- Slides: 30
Air Masses and Fronts Notes
Types of Air Masses • An air mass is a huge body of air. The air at any given height is an air mass and has about the same temperature, humidity, and air pressure. • North America’s weather is influenced by four types of air masses.
Types of Air Masses • A tropical air mass forms in the tropics. A tropical air mass has warm air. • A polar air mass forms near the poles. A polar air mass has cold air. • A maritime air mass forms over the ocean and has humid air. • A continental air mass forms over land has dry air.
Types of Air Masses • • A maritime tropical (m. T) air mass has warm, humid air. (*impacts Mississippi) A maritime polar (m. P) air mass has cold, humid air. A continental tropical (c. T) air mass has hot, dry air. A continental polar (c. P) air mass has cold, dry air.
• • • How Air Masses Move These air masses move. Global winds usually move these masses of air from one part of the globe to another. The major wind belts over the United States are the westerlies. These winds usually push air masses from the west to the east across the States. Jet streams also push air masses in the same west-to-east direction.
How Air Masses Move • As these air masses move, they will eventually collide with one another. A front is a boundary where two air masses meet. • Storms and other types of weather develop along frontal boundaries.
Types of Fronts • • • A cold front forms when a cold air mass slides under a warm air mass, forcing the warm air up very quickly. Remember that warm air will rise up over the cold air because the warm air is less dense. Thunderstorms can occur with cold fronts. Precipitation will usually occur behind the front. A cold front on a weather map is indicated by a blue line with triangles pointed in the direction that the front is moving towards.
Types of Fronts • • • A warm front forms when a warm air mass moves over a cooler air mass. This lifting is generally much more smooth and slow than a cold front. Light rain or snow may fall. Precipitation will usually occur ahead of the front. On a weather map, this would appear as a red line with semi-circles indicating the direction of movement.
• • • Types of Fronts Sometimes cold and warm air masses meet, but neither air mass moves over or under the other, they may even travel parallel to the frontal boundary. This is known as a stationary front. A stationary front can bring many days of clouds and precipitation. A stationary front on a weather map is indicated by inverting blue/red triangles/semicircles.
Types of Fronts • • • A warm air mass sometimes is caught between two cooler air masses. OR a cold front catches up to a slower-moving warm front. This forms an occluded front. In an occluded front, the warm air mass is cut off from the ground as it is lifted above the two other air masses. The weather may turn cloudy, and rain or snow may fall. These are shown as purple lines of alternating triangles and semicircles.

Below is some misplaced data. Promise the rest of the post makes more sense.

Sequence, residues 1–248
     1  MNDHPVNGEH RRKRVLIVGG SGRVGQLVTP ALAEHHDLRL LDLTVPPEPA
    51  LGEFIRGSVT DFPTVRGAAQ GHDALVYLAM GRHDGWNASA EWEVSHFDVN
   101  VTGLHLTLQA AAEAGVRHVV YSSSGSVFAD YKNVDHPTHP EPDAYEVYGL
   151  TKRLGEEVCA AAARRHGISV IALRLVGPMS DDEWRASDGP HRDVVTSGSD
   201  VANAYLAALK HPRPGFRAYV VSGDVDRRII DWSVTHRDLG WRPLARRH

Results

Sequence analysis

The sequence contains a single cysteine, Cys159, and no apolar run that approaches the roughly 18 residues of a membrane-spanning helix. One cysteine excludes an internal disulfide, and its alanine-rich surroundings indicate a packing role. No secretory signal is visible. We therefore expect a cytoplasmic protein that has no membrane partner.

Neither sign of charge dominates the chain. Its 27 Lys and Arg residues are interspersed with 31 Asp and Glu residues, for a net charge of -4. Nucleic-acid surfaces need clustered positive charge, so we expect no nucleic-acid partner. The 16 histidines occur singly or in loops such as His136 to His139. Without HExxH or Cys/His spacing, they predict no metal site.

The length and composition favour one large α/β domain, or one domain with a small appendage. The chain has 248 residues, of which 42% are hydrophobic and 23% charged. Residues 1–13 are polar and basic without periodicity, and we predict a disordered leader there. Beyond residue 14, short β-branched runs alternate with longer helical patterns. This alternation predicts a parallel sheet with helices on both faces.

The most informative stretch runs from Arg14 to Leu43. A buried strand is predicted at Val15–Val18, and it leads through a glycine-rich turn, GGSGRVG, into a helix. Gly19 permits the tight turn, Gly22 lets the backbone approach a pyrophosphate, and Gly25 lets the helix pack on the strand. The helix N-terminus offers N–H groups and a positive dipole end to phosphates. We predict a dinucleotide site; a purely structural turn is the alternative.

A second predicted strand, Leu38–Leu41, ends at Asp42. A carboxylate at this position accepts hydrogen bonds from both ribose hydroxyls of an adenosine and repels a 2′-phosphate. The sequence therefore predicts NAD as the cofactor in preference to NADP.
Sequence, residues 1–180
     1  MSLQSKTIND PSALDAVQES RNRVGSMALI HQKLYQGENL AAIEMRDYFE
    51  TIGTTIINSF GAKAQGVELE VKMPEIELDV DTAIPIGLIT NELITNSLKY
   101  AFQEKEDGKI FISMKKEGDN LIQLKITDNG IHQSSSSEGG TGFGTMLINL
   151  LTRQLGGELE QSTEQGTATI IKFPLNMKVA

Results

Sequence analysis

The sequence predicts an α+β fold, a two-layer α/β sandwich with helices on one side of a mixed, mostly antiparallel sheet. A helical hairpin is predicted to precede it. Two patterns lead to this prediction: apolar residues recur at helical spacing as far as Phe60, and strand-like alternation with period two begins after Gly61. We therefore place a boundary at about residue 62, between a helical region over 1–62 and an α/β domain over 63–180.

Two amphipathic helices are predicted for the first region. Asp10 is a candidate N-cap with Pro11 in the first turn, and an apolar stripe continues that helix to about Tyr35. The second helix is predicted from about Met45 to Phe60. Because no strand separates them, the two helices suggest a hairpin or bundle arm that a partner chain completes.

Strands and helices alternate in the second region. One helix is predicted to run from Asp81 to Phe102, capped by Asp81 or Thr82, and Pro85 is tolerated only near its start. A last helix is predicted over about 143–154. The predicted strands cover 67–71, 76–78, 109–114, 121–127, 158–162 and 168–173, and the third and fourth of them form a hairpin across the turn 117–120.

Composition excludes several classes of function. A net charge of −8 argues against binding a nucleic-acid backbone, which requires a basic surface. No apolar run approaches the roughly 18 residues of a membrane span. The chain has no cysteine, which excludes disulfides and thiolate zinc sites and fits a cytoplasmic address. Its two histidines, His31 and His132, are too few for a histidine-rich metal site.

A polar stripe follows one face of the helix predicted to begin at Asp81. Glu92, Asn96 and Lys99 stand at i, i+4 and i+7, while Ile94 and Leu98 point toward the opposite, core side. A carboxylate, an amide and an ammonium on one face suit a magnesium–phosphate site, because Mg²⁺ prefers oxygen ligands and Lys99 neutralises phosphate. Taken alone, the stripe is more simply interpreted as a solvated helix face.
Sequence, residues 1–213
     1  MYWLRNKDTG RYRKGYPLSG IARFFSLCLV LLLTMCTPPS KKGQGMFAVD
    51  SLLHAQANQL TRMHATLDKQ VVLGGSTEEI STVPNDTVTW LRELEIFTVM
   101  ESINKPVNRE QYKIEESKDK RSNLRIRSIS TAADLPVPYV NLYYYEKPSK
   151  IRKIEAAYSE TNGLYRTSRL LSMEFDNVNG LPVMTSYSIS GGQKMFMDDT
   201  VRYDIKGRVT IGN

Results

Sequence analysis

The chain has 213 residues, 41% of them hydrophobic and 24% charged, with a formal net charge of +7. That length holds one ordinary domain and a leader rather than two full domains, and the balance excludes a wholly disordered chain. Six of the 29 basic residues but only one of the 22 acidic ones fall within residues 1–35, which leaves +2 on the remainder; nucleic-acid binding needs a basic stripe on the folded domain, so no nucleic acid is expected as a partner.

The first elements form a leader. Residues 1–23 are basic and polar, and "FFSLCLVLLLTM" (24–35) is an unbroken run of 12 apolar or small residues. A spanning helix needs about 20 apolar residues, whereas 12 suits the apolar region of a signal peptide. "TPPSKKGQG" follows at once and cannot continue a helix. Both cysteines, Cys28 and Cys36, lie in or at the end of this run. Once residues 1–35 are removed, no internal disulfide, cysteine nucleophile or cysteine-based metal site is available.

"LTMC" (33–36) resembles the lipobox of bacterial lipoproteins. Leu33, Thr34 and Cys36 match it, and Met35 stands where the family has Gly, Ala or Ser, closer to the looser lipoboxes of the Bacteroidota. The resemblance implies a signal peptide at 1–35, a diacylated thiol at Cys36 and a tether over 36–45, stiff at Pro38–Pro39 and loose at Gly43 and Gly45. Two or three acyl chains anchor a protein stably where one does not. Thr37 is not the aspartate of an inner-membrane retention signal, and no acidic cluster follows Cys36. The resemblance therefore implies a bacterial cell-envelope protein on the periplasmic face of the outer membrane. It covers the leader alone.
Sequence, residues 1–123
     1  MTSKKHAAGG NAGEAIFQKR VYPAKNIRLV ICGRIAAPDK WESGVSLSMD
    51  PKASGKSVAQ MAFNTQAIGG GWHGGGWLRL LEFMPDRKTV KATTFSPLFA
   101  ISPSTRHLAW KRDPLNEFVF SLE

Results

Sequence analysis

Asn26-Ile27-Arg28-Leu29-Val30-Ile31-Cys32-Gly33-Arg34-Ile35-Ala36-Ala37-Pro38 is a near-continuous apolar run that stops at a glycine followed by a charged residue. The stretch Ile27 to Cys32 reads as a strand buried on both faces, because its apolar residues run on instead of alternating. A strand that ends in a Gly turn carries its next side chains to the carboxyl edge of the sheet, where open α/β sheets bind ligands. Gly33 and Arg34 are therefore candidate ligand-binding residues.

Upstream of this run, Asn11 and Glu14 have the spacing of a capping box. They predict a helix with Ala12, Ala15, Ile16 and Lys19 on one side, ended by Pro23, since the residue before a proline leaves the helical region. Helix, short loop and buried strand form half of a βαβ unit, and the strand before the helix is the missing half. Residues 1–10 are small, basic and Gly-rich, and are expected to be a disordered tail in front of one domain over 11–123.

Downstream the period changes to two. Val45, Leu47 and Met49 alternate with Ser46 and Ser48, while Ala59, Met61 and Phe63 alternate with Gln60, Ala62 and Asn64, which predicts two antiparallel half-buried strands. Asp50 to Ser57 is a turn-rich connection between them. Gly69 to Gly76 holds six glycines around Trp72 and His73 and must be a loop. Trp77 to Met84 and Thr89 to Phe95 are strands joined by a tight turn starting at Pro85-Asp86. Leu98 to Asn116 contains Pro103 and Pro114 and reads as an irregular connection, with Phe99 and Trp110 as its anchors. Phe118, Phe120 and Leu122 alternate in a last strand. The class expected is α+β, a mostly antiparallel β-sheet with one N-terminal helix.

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Types of Fronts • In some cases, one front can eventually turn into another. And in the strongest cases, this will turn into a mid-latitude cyclone, as the westerlies, the Coriolis effect, and rising air all combine into a severe weather system.
• • Cyclones and Anticyclones A cyclone is a swirling center of low air pressure. The winds in a cyclone spiral around a center. In a cyclone, winds spiral inwards towards the lowpressure center. The Coriolis effect makes winds spin counterclockwise in a Northern Hemisphere cyclone. Air spins upward in a cyclone due to the airs converging at the base. The result is lifting air that will condense into clouds, extreme wind shifts, and precipitation. Cyclones play a large part in weather of the United States.
Cyclones and Anticyclones • An anticyclone is a high-pressure center of dry air. An anticyclone is the opposite of a cyclone. In an anticyclone, winds spin outward away from the high-pressure center. • • The Coriolis effect makes winds spin clockwise in a Northern Hemisphere anticyclone. The air spins downward in an anticyclone due to the divergence of air at the base. The result is dry, clear weather.
High Pressure System • A high pressure system is a whirling mass of cool, dry air that generally brings fair weather and light winds. When viewed from above, winds spiral out of a high-pressure center in a clockwise rotation in the Northern Hemisphere. These bring sunny skies.
Low Pressure System • A low pressure system is a whirling mass of warm, moist air that generally brings stormy weather with strong winds. When viewed from above, winds spiral into a low-pressure center in a counterclockwise rotation in the Northern Hemisphere. A low pressure system is represented as a big, red L.